The WASP project in the era of robotic telescope networks

Christian, D. J.; Pollacco, D. L .; Skillen, I.; Irwin, J.; Clarkson, W. I.; Collier Cameron, A.; Evans, N.; Fitzsimmons, A.; Haswell, C. A.; Hellier, C.; Hodgkin, S. T.; Horne, K.; Kane, S. R.; Keenan, F. P.; Lister, T. A.; Norton, A. J.; Osborne, J.; Ryans, R.; Street, R. A.; West, R. G. and Wheatley, P. J. (2006). The WASP project in the era of robotic telescope networks. Astronomische Nachrichten, 327(8) pp. 800–802.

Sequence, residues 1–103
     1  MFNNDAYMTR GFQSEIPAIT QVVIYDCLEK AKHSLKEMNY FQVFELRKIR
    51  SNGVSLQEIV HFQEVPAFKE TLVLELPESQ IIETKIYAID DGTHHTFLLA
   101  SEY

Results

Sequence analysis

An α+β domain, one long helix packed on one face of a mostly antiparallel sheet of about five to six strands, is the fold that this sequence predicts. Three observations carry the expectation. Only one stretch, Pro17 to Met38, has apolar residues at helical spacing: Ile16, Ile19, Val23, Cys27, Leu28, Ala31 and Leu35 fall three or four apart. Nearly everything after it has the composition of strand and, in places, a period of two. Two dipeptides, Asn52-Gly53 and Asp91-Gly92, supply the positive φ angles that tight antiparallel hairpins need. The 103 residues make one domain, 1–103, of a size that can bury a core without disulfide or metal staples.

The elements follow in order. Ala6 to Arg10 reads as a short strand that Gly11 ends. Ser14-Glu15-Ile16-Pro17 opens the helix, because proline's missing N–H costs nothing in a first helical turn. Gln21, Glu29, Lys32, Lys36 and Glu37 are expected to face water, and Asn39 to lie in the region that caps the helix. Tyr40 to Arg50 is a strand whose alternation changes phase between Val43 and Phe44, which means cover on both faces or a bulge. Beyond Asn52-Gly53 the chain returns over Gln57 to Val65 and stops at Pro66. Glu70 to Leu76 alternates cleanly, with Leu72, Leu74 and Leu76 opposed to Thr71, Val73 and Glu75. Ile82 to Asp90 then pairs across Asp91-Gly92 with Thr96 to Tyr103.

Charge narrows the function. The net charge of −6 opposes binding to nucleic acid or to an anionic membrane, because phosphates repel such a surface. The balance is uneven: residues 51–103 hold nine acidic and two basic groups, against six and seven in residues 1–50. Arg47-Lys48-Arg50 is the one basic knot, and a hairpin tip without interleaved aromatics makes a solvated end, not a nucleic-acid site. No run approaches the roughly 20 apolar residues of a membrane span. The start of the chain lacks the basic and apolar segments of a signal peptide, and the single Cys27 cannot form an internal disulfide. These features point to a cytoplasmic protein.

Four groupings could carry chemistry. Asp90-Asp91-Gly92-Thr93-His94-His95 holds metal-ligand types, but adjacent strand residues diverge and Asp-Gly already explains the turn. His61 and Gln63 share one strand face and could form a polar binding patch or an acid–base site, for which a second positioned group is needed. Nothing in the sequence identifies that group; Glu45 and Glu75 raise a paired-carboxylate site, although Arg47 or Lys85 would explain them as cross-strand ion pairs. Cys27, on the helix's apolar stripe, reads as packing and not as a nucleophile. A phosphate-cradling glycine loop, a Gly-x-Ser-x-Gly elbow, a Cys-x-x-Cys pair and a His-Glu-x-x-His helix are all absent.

We present the current status of the WASP project, a pair of wide angle photometric telescopes, individually called Super-WASP. SuperWASP-I is located in La Palma, and SuperWASP-II at Sutherland in South Africa. SW-I began operations in April 2004. SW-II is expected to be operational in early 2006. Each SuperWASP instrument consists of up to 8 individual cameras using ultra-wide field lenses backed by high-quality passively cooled CCDs. Each camera covers 7.8 × 7.8 sq degrees of sky, for nearly 500 sq degrees of total sky coverage. One of the current aims of the WASP project is the search for extra-solar planet transits with a focus on brighter stars in the magnitude range 8 to 13. Additionally, WASP will search for optical transients, track Near-Earth Objects, and study many types of variable stars and extragalactic objects. The collaboration has developed a custom-built reduction pipeline that achieves better than 1 percent photometric precision. We discuss future goals, which include: nightly on-mountain reductions that could be used to automatically drive alerts via a small robotic telescope network, and possible roles of the WASP telescopes as providers in such a network. Additional technical details of the telescopes, data reduction, and consortium members and institutions can be found on the web site at:

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